Tag Archives: Rosa Parks

Back of the Bus

Written by: Aaron Reynolds

Illustrated by: Floyd Cooper

For ages: 5 years and up

Language: English

Topics Covered: Civil Rights, POC-Centric Narratives, Activism, Historical Events, Historical Fiction, Rosa Parks.  

Summary: This book takes place on December 1st, 1955.  This is also the historic day when Rosa Parks refused to give up her seat on a public bus to a white person.  The narrator is a young boy, sitting with his mother in the back of the bus.  The narrator spies a woman he knows, Mrs. Parks, at the front of the bus.  When the bus fills up, a voice demands that some folks move to the back.  Some people move, but one doesn’t.  The narrator can’t hear exactly what’s happening, but his mother tells him to be quiet and they both strain to listen.  He recognizes that his mother is using a serious voice, and he waits and waits while the bus that should be moving along the route continues to be stopped.  He realizes that Mrs. Parks is in the front of the bus with fierce eyes he compares to a lightning storm.  A police officer gets on the bus, and begins to question why Mrs. Parks won’t give up her seat.  She’s arrested, and escorted off the bus.  The book ends with the narrator noticing his mother has a lightning storm in her eyes now, and notices that he feels a little stronger than yesterday.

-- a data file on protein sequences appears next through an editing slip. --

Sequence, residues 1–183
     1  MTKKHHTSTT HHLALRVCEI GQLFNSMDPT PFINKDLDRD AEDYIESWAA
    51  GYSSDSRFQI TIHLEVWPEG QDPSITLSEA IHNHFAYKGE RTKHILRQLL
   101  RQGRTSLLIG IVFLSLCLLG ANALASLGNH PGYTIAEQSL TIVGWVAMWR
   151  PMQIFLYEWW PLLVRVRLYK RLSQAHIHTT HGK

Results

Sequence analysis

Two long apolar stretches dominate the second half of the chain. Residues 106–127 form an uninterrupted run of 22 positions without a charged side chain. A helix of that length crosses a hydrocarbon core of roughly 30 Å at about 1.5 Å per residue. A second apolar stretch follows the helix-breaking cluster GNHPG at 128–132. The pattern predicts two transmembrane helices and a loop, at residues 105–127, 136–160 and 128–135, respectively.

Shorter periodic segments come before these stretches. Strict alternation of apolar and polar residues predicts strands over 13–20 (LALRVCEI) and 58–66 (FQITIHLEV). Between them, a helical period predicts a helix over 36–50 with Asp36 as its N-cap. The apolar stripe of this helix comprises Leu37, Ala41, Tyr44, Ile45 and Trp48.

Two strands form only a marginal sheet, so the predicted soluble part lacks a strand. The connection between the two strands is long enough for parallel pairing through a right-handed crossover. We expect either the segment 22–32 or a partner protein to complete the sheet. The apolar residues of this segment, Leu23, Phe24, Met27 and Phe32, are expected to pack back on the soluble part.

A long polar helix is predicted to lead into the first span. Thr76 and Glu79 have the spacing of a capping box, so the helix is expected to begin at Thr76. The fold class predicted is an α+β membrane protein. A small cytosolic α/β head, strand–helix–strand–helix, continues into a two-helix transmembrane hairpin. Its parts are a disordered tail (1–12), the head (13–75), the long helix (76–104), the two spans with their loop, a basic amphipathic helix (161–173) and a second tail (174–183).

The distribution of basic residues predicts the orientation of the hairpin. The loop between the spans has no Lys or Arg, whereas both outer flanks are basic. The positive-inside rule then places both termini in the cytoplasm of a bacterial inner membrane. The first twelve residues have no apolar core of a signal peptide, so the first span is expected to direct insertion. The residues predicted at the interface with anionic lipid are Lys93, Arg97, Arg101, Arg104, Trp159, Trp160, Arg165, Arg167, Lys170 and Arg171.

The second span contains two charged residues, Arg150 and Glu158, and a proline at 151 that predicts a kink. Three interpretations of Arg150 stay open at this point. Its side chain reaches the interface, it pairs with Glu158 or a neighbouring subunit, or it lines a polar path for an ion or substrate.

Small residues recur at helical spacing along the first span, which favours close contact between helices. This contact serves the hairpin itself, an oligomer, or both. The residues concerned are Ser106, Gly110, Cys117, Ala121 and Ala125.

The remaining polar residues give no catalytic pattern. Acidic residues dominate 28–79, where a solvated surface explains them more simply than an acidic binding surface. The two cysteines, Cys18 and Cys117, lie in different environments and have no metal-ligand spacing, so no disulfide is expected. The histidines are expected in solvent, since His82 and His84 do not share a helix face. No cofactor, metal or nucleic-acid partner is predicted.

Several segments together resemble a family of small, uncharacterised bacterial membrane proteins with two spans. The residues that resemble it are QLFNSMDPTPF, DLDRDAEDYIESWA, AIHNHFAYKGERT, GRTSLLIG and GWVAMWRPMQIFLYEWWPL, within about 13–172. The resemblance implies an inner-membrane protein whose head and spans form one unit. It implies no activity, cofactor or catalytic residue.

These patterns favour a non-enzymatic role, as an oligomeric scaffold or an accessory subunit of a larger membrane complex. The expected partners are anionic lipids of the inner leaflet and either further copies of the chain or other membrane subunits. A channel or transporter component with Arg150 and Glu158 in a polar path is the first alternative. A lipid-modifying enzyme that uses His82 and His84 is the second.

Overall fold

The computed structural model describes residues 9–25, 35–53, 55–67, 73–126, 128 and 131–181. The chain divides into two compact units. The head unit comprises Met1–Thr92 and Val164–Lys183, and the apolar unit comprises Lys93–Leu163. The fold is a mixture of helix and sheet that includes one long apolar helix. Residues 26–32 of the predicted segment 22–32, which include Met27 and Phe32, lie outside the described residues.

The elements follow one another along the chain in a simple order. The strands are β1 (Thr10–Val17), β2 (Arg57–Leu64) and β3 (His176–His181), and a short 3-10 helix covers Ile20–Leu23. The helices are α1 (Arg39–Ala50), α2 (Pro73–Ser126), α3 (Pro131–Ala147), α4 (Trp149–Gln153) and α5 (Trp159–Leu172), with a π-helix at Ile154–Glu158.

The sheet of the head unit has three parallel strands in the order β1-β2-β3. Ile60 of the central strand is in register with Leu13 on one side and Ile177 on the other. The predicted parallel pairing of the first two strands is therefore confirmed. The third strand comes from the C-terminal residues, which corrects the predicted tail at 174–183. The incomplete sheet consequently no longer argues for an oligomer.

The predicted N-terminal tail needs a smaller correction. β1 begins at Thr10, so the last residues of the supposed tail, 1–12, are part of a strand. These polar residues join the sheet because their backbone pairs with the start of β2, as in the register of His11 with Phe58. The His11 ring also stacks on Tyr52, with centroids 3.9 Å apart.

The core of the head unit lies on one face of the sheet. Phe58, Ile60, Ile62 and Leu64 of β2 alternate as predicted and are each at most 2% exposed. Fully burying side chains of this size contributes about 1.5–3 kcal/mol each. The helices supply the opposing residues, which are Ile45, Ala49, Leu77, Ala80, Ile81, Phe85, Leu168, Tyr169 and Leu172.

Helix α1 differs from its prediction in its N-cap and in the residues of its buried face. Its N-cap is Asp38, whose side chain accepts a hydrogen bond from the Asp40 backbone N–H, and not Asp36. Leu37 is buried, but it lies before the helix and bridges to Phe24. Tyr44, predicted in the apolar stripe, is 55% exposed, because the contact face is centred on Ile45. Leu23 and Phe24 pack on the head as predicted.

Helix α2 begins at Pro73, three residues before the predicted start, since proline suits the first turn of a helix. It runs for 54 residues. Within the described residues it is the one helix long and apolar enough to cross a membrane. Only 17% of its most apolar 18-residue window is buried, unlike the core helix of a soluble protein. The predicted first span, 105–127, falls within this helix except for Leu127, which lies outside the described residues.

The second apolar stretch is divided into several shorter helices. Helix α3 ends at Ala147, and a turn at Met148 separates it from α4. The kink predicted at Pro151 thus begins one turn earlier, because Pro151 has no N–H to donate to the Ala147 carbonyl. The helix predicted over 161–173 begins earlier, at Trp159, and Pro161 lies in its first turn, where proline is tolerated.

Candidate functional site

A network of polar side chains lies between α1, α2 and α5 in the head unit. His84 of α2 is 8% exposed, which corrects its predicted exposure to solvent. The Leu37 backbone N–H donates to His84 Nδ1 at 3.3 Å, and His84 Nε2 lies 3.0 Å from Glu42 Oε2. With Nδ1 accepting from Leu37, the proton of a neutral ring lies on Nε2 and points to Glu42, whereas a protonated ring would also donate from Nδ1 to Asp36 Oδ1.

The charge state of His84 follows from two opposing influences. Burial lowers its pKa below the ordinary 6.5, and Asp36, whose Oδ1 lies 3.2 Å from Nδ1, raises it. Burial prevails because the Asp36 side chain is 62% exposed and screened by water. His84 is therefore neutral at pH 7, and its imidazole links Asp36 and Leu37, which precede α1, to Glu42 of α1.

This book is a great introduction to both the Civil Rights movement and activism.  Written from the boy’s perspective helps young readers empathize and become engaged with the story.  The plot line easily opens up discussions for fairness, racism, activism, and historical figures.  While Rosa Parks certainly wasn’t the first woman to partake in this specific form of activism and rebellion on public transportation (one was, among many others, Claudette Colvin!) she is certainly the most well-known.  While Rosa was far from the kindly old lady who was just fed-up, she is a figurehead in history and a worthy role-model for any child!

It is crucial to recognize that the story most individuals are taught in schools about Rosa Parks has been watered down and made palatable.  She was a well-established activist by the time these boycotts came around, and had indeed been happening on public buses since the 1940’s.  We believe that it is important to have a highly accessible entry point for children learning about activism, but it must not stop there!

Reflection Questions: